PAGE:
The Supreme Court’s decision to restrict the Voting Rights Act, the 1965 legislation that prohibits discrimination against voters on the basis of race or color, could harm African-American political representation at the city council level, a new study says. The study found that municipalities with the strongest gains in black political representation were those protected by a provision of the Voting Rights Act that was invalidated by the Supreme Court in June. Some experts say the new study shows that the Court’s decision could reverse the gains that black voters have made as a result of the act, or at least impede further progress. The study, to be published this month in the upcoming issue of The Journal of Politics, is among the first on the act’s effectiveness on black political representation, according to researchers at Rice University, Ohio University and the University of Wisconsin-Milwaukee. Its conclusion is clear: The Voting Rights Act explains much of the electoral success of black candidates in city elections – and those gains could be at risk.Full Article: Study: Curbing Voting Rights Act could reverse black voters' gains | Al Jazeera America.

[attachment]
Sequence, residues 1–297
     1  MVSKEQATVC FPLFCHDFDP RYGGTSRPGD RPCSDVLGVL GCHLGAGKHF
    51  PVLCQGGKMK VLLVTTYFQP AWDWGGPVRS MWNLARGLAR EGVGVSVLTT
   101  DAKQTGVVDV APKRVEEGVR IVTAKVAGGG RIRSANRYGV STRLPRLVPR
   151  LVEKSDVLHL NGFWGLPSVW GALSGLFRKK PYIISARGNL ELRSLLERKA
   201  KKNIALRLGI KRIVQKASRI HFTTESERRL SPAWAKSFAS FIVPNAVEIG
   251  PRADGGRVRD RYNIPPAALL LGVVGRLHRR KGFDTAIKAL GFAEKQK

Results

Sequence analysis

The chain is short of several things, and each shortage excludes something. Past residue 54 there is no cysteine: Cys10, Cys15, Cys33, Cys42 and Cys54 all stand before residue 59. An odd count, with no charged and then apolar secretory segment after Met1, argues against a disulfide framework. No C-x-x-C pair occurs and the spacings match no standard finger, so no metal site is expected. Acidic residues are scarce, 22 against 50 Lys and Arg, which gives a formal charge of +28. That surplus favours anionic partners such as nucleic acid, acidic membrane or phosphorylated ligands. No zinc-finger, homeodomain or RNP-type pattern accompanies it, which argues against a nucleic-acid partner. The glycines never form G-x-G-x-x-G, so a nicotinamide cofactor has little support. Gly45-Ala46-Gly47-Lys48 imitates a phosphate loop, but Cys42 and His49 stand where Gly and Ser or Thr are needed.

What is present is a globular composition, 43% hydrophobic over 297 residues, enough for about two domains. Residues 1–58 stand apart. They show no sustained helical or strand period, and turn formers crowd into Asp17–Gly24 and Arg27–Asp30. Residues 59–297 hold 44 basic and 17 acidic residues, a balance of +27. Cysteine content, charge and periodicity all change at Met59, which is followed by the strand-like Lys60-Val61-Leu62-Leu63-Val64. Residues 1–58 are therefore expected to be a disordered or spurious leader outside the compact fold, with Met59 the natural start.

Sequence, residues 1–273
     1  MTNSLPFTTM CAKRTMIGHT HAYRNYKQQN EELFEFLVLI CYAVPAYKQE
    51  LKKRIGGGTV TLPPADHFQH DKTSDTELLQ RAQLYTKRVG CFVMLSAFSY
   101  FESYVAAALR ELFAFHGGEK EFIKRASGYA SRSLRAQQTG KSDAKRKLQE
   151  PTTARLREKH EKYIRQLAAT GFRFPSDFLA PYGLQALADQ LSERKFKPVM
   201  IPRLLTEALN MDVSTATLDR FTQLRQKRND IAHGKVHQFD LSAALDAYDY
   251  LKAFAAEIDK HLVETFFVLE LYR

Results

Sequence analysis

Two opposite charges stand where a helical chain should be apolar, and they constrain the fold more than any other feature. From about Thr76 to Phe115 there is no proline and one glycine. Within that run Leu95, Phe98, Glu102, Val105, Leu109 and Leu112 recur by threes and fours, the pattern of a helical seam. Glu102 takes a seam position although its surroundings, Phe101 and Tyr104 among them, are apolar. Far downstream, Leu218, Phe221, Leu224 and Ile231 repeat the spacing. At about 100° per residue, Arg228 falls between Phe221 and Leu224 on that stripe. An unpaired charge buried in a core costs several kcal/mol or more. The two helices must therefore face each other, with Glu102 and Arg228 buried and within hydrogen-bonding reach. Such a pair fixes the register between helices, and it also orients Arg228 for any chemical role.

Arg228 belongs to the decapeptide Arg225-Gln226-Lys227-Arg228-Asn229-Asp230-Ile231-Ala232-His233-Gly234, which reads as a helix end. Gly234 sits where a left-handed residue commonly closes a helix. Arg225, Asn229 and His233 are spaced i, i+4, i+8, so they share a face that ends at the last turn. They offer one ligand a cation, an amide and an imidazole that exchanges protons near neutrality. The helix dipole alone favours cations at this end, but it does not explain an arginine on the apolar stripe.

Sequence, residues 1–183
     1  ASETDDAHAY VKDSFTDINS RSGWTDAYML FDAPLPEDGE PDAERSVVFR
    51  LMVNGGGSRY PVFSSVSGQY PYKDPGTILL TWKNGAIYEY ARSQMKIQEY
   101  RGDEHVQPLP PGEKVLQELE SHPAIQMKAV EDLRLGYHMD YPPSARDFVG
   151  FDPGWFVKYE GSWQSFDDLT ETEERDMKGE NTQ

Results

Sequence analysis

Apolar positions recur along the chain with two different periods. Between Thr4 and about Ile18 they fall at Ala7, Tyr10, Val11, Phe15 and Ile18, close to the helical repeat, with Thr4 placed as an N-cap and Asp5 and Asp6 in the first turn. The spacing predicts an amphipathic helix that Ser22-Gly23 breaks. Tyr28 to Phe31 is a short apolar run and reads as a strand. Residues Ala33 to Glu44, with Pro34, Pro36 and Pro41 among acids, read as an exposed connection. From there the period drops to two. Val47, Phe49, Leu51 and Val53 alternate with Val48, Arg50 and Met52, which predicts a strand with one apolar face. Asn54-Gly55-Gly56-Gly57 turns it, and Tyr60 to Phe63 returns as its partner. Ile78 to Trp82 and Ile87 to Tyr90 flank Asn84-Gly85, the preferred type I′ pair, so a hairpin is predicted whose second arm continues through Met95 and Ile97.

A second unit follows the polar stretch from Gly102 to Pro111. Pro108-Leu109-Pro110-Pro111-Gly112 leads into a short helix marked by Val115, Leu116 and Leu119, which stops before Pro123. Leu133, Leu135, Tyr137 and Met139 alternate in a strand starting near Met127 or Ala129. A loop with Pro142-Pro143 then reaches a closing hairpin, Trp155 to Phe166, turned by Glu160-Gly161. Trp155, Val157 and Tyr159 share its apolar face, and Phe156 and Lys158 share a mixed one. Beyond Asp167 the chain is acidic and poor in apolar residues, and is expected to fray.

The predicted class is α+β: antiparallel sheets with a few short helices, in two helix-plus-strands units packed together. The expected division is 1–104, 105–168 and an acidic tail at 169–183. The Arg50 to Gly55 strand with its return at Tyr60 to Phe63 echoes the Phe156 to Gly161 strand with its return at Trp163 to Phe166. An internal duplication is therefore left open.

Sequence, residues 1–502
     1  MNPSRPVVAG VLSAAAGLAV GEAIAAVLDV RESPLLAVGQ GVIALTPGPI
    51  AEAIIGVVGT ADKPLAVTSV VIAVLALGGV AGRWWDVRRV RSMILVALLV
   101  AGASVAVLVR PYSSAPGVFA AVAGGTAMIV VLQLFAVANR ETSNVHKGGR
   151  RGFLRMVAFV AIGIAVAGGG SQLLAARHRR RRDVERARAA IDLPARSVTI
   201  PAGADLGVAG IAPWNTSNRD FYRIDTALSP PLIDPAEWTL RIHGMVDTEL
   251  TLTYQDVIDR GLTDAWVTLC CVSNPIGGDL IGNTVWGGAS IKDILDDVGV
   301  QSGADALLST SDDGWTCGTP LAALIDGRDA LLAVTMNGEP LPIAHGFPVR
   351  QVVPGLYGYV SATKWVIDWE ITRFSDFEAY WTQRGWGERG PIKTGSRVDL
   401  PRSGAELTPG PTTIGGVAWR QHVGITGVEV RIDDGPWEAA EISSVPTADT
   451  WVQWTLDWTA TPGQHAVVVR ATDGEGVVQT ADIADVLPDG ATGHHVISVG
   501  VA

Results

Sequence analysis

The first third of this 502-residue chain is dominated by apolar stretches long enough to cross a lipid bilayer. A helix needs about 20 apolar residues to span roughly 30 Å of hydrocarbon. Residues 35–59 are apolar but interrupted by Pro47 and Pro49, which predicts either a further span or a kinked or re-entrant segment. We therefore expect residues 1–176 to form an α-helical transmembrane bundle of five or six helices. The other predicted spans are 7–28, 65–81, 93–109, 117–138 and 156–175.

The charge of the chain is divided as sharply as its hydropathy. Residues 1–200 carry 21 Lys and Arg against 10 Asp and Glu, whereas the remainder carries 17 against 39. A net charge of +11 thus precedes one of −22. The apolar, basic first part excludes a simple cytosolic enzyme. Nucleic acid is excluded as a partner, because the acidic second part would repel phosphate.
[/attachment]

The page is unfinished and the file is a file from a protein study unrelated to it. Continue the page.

Oct 4 2013